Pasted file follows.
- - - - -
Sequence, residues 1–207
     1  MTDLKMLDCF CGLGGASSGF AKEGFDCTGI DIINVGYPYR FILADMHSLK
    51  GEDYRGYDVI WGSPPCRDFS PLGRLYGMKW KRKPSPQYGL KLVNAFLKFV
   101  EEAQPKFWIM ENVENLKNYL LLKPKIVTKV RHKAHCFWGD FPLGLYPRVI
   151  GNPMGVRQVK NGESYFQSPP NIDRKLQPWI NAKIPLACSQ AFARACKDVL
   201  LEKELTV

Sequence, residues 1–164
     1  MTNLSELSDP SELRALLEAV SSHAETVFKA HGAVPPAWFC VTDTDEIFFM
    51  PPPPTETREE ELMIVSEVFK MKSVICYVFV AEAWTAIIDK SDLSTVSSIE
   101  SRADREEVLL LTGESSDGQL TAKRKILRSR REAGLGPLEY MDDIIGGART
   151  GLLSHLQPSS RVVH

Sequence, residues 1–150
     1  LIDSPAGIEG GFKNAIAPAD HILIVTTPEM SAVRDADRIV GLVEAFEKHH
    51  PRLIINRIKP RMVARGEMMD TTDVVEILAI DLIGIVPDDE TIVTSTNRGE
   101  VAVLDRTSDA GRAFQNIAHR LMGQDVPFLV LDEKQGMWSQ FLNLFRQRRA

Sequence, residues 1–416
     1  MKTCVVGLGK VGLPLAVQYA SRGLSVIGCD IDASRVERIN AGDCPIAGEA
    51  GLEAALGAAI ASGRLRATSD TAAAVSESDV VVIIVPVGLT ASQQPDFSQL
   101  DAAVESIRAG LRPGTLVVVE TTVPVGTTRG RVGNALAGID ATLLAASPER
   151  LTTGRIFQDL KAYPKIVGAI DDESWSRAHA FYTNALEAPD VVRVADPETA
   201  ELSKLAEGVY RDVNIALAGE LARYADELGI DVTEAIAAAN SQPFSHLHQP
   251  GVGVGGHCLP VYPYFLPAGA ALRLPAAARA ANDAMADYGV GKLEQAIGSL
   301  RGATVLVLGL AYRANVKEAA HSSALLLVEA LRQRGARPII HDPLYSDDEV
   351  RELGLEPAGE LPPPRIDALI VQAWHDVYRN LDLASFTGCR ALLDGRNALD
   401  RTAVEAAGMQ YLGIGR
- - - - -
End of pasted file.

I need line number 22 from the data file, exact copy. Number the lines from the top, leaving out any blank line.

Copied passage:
   251  GVGVGGHCLP VYPYFLPAGA ALRLPAAARA ANDAMADYGV GKLEQAIGSL